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Shenzhen faces demographic pressure
By Wu Zhuoqiong (China Daily)
Updated: 2004-11-16 22:37

Shenzhen is looking for ways to tackle the problems caused by a soaring population.

A joint project between Peking University and the Shenzhen Population and Family Planning Experts' Commission, a think tank created specifically to deal with population explosion issues, will be launched soon.

The think tank is the first of its kind in Shenzhen. It will look at population and family planning strategy and policy for government officials.

"Without a proper solution to the population problem, the benefits from two decades of rapid development will be lost," said Vice-Mayor Liang Daoxing.

According to the latest survey, Shenzhen's population density tops large and medium cities in the Chinese mainland at 3,597 people per square kilometre. That density is growing 15.32 per cent per year.

In comparison, the population density in Beijing was 881 people per square kilometre, 2,902 in Shanghai and 975 in Guangzhou.

While admitting contributions to the city's prosperity by temporary residents, Yang Lixun, a member of the think tank, has argued that the population pressure has delayed the city's modernization drive by five years.

Yang pointed out that due to the city's limited natural resources, many social factors including security, environmental protection and transportation are threatened.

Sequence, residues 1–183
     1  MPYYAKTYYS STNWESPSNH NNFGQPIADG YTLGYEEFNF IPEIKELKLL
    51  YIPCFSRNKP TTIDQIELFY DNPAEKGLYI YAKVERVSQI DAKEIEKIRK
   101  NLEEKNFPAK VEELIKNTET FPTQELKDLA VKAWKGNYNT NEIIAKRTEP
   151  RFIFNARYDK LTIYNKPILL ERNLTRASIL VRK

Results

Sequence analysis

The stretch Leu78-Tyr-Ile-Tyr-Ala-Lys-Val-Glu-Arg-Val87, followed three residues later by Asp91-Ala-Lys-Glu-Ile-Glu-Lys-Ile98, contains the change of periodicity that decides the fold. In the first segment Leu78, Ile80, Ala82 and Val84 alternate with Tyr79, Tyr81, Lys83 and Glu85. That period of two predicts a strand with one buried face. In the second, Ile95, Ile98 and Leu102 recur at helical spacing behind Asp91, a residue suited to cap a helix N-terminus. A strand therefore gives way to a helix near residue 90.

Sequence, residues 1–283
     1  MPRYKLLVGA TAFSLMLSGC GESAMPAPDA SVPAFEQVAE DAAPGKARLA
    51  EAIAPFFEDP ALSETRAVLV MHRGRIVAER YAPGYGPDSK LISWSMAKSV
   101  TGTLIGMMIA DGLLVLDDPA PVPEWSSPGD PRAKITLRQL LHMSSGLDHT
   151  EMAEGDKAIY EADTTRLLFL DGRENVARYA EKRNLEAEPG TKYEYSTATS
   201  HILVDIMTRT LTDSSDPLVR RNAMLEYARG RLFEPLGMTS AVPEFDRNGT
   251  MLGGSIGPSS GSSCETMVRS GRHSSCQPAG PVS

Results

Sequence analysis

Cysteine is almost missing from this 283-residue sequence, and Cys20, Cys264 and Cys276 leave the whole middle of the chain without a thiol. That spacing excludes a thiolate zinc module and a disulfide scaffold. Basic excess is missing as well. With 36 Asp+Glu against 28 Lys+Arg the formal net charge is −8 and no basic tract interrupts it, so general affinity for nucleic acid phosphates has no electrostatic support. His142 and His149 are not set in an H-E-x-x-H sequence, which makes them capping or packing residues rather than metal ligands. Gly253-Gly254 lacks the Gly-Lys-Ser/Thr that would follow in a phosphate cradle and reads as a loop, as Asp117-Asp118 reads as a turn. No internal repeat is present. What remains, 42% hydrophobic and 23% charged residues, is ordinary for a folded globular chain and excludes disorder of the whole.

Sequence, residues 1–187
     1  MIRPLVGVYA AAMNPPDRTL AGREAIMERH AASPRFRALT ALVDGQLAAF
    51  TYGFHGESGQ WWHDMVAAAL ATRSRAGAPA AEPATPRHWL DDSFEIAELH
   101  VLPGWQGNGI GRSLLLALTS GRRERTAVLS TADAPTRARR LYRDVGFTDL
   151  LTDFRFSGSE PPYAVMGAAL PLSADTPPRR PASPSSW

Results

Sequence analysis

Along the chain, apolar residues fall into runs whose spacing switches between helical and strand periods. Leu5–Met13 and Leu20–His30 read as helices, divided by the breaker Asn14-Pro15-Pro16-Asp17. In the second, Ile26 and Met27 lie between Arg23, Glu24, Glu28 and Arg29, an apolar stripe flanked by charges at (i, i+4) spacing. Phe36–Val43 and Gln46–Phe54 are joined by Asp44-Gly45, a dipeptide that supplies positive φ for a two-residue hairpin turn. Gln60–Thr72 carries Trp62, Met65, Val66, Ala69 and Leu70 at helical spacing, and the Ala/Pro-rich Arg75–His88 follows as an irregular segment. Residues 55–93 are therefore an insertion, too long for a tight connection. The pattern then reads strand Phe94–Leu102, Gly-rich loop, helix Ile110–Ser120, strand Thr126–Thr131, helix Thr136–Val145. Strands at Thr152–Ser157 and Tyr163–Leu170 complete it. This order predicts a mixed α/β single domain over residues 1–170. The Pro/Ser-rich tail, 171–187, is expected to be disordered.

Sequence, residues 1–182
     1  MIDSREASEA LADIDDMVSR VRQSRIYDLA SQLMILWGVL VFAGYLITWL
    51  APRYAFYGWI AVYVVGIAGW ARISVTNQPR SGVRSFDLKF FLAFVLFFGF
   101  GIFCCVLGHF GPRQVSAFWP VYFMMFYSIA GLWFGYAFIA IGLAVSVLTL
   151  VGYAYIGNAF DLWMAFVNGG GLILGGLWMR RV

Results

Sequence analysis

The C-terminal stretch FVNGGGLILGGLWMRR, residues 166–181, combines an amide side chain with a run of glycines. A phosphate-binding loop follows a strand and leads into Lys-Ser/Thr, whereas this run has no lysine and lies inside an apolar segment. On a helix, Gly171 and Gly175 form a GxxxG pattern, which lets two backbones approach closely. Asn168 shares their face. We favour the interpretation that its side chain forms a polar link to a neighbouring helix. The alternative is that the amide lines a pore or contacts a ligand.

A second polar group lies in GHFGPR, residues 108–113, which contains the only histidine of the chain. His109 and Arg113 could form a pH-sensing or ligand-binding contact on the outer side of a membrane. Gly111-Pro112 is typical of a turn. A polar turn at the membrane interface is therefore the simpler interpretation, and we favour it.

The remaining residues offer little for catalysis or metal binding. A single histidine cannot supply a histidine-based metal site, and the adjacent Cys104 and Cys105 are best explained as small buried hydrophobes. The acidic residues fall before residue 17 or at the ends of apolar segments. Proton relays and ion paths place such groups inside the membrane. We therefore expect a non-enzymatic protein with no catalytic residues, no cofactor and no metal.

It is estimated that in 15 years, the city will run out of land while education and hospital sectors have been overloaded for years.

Unlike other cities, where population growth is a result of natural birth of permanent residents, Shenzhen's population growth has been driven by an inflow of floating residents.

According to the 2000-01 census by the Shenzhen Population and Family Planning Bureau, Shenzhen's temporary population grew 22.11 per cent to 6.77 million. They make up 83.45 per cent of total population, the largest portion in any city of the country.

The average age in the city is 25.37 years while only 15.21 per cent of people have received a vocational education or above.

Of the registered population, 44.98 per cent are females of childbearing age. That number compares to 30.36 per cent in Beijing, 29.78 in Tianjin, 29.47 in Shanghai and 23.81 in Guangzhou.

Another concern is that 53.05 per cent of the floating population are female and most are of child-bearing age, which has made it more difficult for the local government to control and improve population.

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